Direct binding of SP1, USF1/2 and IRF1 at the CEACAM1 promoter assayed by ChIP
To confirm that SP1, USF1/2 and IRF1 indeed bind to the promoter sites identified by in vivo footprinting, we performed chromatin immunoprecipitation. ChIP with antibodies to SP1 indicated that SP1 was weakly bound to the CEACAM1 promoter in MCF10A and MDA-MB-468 cells (Figure 3A). At the same time, SP1 was very low in MCF7 cells by ChIP, despite being expressed at a higher level compared to MDA-MB-468 and MCF10A (Figure 3D). We also tested the binding of SP2 to the CEACAM1 promoter, since SP2 has been reported to bind to the CEACAM1 promoter in rat prostate cells as a transcriptional repressor . We were unable to detect binding of SP2 to the human CEACAM1 promoter in any of the cell lines tested, despite the fact that the protein was expressed in all three lines (Figure 3D). Similar results were obtained using a different SP2 antibody (H-282; data not shown).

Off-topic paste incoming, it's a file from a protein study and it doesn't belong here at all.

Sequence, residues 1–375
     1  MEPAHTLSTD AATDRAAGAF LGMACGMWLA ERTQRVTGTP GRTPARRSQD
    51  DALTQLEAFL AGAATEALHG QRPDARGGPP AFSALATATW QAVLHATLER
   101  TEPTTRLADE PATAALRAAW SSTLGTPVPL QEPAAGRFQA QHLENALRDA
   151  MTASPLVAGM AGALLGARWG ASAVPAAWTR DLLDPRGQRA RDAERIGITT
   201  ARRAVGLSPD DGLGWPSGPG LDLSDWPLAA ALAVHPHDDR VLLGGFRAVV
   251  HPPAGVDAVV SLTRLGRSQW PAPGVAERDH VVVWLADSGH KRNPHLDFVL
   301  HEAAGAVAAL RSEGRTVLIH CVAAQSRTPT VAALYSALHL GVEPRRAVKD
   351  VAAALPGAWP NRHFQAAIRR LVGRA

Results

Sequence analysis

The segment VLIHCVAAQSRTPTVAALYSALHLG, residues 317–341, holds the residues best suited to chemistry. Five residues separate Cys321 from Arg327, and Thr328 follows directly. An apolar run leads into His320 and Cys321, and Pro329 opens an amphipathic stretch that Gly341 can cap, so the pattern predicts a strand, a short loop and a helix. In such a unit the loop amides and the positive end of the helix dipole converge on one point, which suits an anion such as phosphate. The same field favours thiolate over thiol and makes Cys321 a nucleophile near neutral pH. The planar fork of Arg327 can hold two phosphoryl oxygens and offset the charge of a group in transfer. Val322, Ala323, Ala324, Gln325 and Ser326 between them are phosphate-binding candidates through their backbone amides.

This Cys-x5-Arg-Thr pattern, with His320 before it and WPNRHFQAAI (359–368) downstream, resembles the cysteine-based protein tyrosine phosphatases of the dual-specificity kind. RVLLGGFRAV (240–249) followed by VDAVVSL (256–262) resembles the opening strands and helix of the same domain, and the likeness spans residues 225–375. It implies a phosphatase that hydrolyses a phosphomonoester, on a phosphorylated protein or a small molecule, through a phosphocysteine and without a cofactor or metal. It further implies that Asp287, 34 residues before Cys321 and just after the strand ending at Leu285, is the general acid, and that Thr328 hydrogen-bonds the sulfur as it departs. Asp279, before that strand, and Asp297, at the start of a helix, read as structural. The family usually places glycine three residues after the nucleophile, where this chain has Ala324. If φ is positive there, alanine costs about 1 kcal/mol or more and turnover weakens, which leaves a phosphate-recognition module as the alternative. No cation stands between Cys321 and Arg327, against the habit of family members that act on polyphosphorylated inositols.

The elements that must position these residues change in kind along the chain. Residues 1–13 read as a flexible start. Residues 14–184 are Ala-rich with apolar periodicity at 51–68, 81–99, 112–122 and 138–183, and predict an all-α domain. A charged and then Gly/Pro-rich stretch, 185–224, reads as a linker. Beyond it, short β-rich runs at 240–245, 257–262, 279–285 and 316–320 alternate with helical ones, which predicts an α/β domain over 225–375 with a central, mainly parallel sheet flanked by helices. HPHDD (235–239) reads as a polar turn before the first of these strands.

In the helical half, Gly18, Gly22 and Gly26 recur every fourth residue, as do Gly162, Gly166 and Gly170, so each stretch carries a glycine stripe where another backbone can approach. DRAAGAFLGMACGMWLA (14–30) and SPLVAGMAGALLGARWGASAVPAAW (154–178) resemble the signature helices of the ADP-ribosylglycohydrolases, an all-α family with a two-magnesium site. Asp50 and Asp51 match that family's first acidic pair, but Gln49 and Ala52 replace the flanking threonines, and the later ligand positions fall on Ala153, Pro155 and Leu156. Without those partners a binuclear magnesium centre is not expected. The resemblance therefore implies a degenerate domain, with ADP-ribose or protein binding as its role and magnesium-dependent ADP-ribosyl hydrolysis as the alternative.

We further performed ChIP with antibodies to USF1 and USF2, which are known to bind to promoter sequences predominantly as a USF1/USF2 dimer . We detected USF1 binding at the promoter region in all three cell lines tested, including MCF7, as predicted by the footprinting data (Figure 3B). We noted that USF1 gives a stronger signal in MDA-MB-468 and MCF10A cells compared to MCF7 cells. USF2 was absent in MCF10A cells where the highest expression of CEACAM1 was observed. Western blot analysis indicated that both USF1 and USF2 were present in all three cell lines but differed in the expression of their molecular sizes (Figure 3D). USF1 has a major molecular species, detectable in all three cell lines (Figure 3D, asterisk), as well as a threonine-phosphorylated molecular species (Figure 3D, open circle) and an acetylated molecular species (Figure 3D, closed circle) reported to exhibit differential transcription potentials . MCF10A cells exhibited detectable levels of the phosphorylated USF1 isoform, while the acetylated USF1 isoform was predominantly expressed in MDA-MB-468 and MCF7 cells.